He reasoned of righteousness first. And this logic was all new to Felix, who had never thought of righteousness or justice as being the end and object of government. Herod was a pretty fair specimen of those Roman rulers or kings as they were sometimes called, and the unrighteous cause for which he had the head of John the Baptist cut off manifests the measure of his regard for justice. If history be correct, Felix was not much in advance of him in this respect. He was governor of Samaria at this time, and his headquarters and home were at Cesarea on the coast of the Mediterranean Sea. It was in this same city that Paul defended himself so heroically before Festus and Agrippa. Paul is silent as to the course of reasoning employed in bringing his threefold subject to bear with a weight upon the mind of Felix. We may reasonably conclude that his first point was the righteousness of civil government; contrasting the corrupt and perverted ideas of rulers as they then existed in their minds upon this feature, with what they ought rightfully to be. In this connection he did not fail to make occasional home thrusts similar to the one made by Nathan when he said to David: "Thou art the man."

It is a newly-discovered truth that the Bible reveals the only true basis of civil government. That basis, from its lowest bottom to its highest level, is love, or "good will toward men." Government founded upon any other basis is tyranny or despotism, the exact form being determined by the depth of bondage and slavery into which the governed are willing to be pressed down, and by the will of the rulers as to how low they are inclined to press them. The Constitution of the Roman government contained no trace of love. It was all force. History abundantly shows this. Neither justice in the administration of its laws, nor temperance in the demands and exaction of tributes, nor a judgment to come when accounts would be settled, was once thought of. Those in power knew nothing and thought nothing about any day of final retribution.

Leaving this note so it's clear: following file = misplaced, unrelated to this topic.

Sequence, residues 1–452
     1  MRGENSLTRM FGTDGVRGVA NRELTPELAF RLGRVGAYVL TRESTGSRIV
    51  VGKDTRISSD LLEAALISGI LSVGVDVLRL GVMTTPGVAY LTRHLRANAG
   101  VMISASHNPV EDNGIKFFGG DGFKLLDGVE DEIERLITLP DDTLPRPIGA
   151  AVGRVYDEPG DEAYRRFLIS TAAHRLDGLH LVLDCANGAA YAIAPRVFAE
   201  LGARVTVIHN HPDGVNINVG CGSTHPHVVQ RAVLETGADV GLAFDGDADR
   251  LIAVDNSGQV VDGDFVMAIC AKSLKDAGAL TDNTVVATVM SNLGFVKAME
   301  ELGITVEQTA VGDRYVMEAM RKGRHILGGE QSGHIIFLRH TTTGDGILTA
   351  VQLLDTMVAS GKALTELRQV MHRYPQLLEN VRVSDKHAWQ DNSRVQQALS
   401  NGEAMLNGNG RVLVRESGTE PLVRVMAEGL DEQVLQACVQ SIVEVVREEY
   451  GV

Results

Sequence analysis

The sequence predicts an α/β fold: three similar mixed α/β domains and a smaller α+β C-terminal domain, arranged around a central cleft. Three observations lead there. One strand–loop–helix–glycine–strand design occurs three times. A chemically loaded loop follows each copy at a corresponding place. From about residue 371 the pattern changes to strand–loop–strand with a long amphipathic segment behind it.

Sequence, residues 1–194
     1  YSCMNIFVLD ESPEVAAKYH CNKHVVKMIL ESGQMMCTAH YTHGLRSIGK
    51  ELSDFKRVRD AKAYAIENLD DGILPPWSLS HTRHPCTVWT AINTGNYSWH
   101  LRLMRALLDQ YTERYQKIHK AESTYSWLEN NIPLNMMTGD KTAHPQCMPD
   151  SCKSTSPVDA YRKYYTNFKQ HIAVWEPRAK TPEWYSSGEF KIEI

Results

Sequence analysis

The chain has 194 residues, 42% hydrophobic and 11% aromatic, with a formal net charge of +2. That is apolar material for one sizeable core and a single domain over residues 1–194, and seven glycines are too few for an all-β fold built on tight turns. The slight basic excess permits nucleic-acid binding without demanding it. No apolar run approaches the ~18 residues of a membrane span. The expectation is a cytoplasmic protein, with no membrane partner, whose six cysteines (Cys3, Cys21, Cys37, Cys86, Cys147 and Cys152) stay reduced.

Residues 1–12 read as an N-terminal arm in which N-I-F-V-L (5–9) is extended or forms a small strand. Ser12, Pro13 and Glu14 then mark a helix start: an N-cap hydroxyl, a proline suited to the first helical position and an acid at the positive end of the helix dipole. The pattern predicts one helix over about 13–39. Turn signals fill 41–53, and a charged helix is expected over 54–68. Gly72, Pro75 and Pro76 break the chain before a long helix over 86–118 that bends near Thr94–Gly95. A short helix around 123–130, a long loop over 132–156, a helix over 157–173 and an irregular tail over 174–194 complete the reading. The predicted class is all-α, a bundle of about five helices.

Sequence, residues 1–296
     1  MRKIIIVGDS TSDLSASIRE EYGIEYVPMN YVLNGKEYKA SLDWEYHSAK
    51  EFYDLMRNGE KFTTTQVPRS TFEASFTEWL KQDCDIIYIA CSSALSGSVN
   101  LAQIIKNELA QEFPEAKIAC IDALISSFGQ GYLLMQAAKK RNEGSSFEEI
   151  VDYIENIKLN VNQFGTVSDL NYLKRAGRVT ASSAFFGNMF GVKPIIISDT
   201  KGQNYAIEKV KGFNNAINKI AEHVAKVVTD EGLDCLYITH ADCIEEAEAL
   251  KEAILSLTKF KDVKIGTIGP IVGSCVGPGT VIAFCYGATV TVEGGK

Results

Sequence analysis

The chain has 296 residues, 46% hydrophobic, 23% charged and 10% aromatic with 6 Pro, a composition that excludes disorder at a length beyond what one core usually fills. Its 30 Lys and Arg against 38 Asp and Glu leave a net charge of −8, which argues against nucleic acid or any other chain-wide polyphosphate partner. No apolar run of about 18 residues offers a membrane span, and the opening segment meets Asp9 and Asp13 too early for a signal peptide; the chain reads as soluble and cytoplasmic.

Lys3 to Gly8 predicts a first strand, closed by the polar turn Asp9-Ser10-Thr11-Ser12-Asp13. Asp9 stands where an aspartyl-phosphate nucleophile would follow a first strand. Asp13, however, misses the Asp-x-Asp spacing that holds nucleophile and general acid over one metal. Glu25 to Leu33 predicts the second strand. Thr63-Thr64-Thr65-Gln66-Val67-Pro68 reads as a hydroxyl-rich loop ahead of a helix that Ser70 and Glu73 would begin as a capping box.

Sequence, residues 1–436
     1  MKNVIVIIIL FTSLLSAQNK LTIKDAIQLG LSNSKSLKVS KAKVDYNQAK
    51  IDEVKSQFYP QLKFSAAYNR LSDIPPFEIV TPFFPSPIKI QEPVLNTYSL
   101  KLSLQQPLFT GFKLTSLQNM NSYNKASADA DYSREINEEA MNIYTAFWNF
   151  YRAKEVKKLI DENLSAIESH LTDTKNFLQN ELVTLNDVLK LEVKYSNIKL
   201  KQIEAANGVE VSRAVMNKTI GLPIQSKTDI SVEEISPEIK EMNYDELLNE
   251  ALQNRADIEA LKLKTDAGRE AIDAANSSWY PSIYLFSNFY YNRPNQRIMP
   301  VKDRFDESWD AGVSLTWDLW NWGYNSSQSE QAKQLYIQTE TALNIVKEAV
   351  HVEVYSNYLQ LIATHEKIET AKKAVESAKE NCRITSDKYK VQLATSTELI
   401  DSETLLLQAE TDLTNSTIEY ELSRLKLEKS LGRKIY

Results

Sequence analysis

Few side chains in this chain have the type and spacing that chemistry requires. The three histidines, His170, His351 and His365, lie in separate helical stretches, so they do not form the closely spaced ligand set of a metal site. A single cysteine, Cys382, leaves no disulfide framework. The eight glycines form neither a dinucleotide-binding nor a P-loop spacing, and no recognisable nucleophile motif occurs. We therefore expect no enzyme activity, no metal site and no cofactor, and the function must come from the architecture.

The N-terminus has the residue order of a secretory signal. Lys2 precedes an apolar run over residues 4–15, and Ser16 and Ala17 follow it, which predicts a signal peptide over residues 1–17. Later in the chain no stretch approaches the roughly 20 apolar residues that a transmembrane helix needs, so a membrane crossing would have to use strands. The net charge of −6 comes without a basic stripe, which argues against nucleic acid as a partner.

It is not very probable that Felix was made to tremble by anything Paul may have said concerning civil government. The mind of Felix was too firmly fixed in his own ideas of civil righteousness to be deeply moved or disturbed by anything a prisoner might say upon that point. His execution of Roman law according to his views of righteousness in their administration was satisfactory to his sovereign at Rome; and to please him, and thereby secure perpetual tenure of office, was the height of his ambition. The cause of his trembling must then be found in another quarter, or the adversary may say that Felix, just at that time, happened to be taken with an ague chill, which Paul mistook for the nervous agitation which he supposed to have been induced by the power of his discourse.

Felix was a pagan. His religion, if he had any belief at all in the supernatural, was idolatry. Paul did not appeal to his affections, to his emotional nature, but to his rational part. He reasoned upon his great subject. We may justly conclude that he proceeded in a way similar to that which he took in addressing the Athenians on Mars' Hill. "The God whom ye ignorantly worship, him declare I unto you." And he set him forth in a rational light. He told them about God's righteousness. He told them that God had appointed a day in which he would judge the world in RIGHTEOUSNESS by that man whom he hath ordained, and of whom he hath given assurance or proof unto all men in that he hath raised him from the dead. This man was Jesus Christ the Lord. Here, also, he spoke of a JUDGMENT to come. And it becomes a thing self-evident that a judgment to come is the main fact upon which all moral and religious truth depends for its power over the hearts and lives of men. Take away from man all fear of accountability in a future state, and his bestial appetites assert their sway. "Let us eat and drink, for to-morrow we die" gives loose rein to every passion, and lust holds high carnival.

For our instruction here, it may be well to speak upon the subject of righteousness. What is it? Righteousness is obedience to law. This is its most general meaning. This is its human sense. In its divine sense it is obedience to the laws of God. Wherein the laws of men depart from the laws of God obedience to their laws is disobedience to God's laws. Here arises a conflict in which each individual may decide for himself which he will do, the will of men or the will of God. The decision of the apostles was "to obey God rather than men." By this obedience they stood righteous in the eyes of God. To be sinners in the sight of men gave them no distress, so long as they felt sure of being righteous in the sight of God.